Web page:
International Conference on Family Planning – before we commit, let’s act!

Find out what youth participants say are the challenges and solutions for meeting the family planning needs of young people.

‘Global commitments, local actions’ is the theme for this year’s International Conference on Family Planning in Indonesia, which kicked off with a youth pre-conference on 24 January.

The energy, passion and zeal exhibited by participants and organisers was palpable from the start at the Bali Nusa Dua Convention Centre, where the two-day youth event was held, and is being followed by the main conference (25-28 January).

Individuals, non-governmental organisations, governments, faith-based organisations and youth-led organisations are converging during the conference to share best practices for family planning, celebrate successes and learn ways of advancing the FP2020 Commitment to Action. The Commitment supports the rights of women and girls to decide, freely, and for themselves, whether, when, and how many children they want to have.

The youth pre-conference served as a space for young people from different backgrounds to share and build on work they have done locally, identify challenges, share lessons and proffer actionable solutions.

Actions, lessons and challenges

Workshops and roundtable discussions addressed key issues affecting young people, such as using social media to publicise their work, identifying key policymakers, and addressing challenges to accessing services.

Francis Oko Armah, a Women Deliver Young Leader from Ghana, shared an advocacy method centered on stories from young women and girls who are comfortable to share their challenges and experiences around sexual and reproductive health and rights. The stories are used during advocacy campaigns and trainings and some of the volunteer storytellers are also recruited and trained as peer educators to promote positive behavior change among their peers.

Maureen Oduor, an alumna of the Women Deliver Young Leader programme, said: “Story telling is very important as it concerns real people and it is real people that are dying when it is not done properly.” She also added that creating a safe environment for discussion is the only way young people can come out with their stories, for example they share stories with their peers because they feel safe with them.

Some of the recurring challenges for young people identified at the pre-conference include limited knowledge base, lack of inclusion, and funding. These can be addressed by supporting organisations that work with marginalised young people, said Jamila Gacheri of Y-PEER Kenya. “I believe that youth-led organisations and networks in particular should be supported and strengthened because they contribute to the development of civic and leadership skills among young people especially the marginalised youths,” she said.

Young people’s rights

Link Up is a project in Burundi, Ethiopia, Uganda, Bangladesh and Myanmar which aims to improve the sexual and reproductive health (SRH) of more than one million young people who are most affected by HIV and to promote their SRH rights. The Link Up team organised a workshop at the pre-conference to discuss a rights-based approach to sexual and reproductive health and the needs of young people living with and affected by HIV.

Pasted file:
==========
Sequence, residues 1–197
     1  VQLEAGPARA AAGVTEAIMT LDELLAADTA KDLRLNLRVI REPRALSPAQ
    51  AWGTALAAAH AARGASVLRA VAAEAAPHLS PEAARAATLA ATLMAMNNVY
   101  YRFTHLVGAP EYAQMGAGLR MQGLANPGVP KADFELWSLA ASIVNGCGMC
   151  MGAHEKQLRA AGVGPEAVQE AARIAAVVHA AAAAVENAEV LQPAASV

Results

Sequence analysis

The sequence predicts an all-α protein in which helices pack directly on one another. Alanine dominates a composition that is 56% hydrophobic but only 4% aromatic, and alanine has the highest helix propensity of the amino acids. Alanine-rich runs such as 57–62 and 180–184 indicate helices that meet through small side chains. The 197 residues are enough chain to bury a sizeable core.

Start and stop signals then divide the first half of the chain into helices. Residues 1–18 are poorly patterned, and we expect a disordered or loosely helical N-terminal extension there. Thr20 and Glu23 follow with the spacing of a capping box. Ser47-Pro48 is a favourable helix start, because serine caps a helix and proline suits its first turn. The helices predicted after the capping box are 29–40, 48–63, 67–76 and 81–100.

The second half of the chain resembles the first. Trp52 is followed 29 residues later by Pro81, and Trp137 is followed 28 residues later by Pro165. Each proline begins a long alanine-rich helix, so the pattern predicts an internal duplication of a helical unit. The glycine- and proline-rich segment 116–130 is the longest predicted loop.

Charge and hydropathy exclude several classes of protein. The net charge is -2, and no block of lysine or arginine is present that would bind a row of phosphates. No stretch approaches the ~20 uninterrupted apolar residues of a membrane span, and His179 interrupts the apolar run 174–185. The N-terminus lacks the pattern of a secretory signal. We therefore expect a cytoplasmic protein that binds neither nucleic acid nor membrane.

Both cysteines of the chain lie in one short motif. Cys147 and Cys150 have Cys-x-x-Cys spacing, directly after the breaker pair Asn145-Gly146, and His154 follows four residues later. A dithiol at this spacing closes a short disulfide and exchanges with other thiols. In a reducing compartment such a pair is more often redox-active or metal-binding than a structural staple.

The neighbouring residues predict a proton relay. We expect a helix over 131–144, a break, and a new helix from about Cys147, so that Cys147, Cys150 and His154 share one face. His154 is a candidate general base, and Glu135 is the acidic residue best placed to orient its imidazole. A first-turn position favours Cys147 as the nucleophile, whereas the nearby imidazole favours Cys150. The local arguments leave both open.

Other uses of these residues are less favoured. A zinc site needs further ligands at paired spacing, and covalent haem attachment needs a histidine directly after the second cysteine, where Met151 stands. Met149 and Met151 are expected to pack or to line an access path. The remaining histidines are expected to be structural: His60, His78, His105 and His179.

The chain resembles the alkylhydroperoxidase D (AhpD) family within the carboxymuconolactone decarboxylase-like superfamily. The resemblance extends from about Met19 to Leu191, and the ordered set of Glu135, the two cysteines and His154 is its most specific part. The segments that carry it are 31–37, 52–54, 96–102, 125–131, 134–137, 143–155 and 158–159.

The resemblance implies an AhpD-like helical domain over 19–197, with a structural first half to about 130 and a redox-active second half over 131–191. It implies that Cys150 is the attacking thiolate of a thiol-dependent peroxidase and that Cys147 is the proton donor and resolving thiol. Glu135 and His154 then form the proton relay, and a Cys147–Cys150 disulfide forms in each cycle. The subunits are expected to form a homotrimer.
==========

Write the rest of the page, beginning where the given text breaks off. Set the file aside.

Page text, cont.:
The participants comprised mainly young Indonesian delegates, some of whom had no background in family planning (despite the facilitators’ expectations that participants would have some knowledge of sexual and reproductive health). However, this provided an opportunity for Link Up facilitators to engage them in an in-depth knowledge-sharing session that eventually provided diverse views and beliefs on youth sexual and reproductive health and rights.

One of the facilitators Rawnak Rabbi, from Link Up Bangladesh, shared a story to drive home the positive effects of family planning uptake and practice on families. “We used to joke with our grandmother that she had a football team because she had 11 children,” he said. However, due to the increase in access to family planning services the average number of children per family in Bangladesh has begun to decrease.

Several participants expressed a belief that abstinence was the best way to protect one’s sexual health. In response to this Nikodimos Takele, from Youth Champions Initiative, Ethiopia said: “What is expressed and what is practiced are totally different and young people often have sex without planning for it.”

Facilitator Julie Mellin, from the Global Youth Coalition on HIV/AIDS, shared her personal beliefs on premarital sex when a participant asked if it was a sin for young people to engage in pre-marital sex. She said: “The most important thing is to access the right information and for both parties to consent before taking any decisions.”

For the most part however the youth pre-conference failed to address the salient issue of key populations affected by HIV, and taking a rights-based approach to family planning, and sexual and reproductive health. Such conversations must be given more of the spotlight to ensure young populations groups who are often marginalised – such as lesbian, gay, bisexual and transgender people, as well as sex workers and people who use drugs – are also given access to SRH services.

Mohammad Isro Alfajri, youth ambassador at the Duta Mahasiswa GenRe (Indonesia Colleges Youth Alliance), Indonesia, made a good point when he said: “Where family planning is going in future depends on this generation and it is not about quantity but about quality.”

Read: youth voices stand out as family planning conference roars to life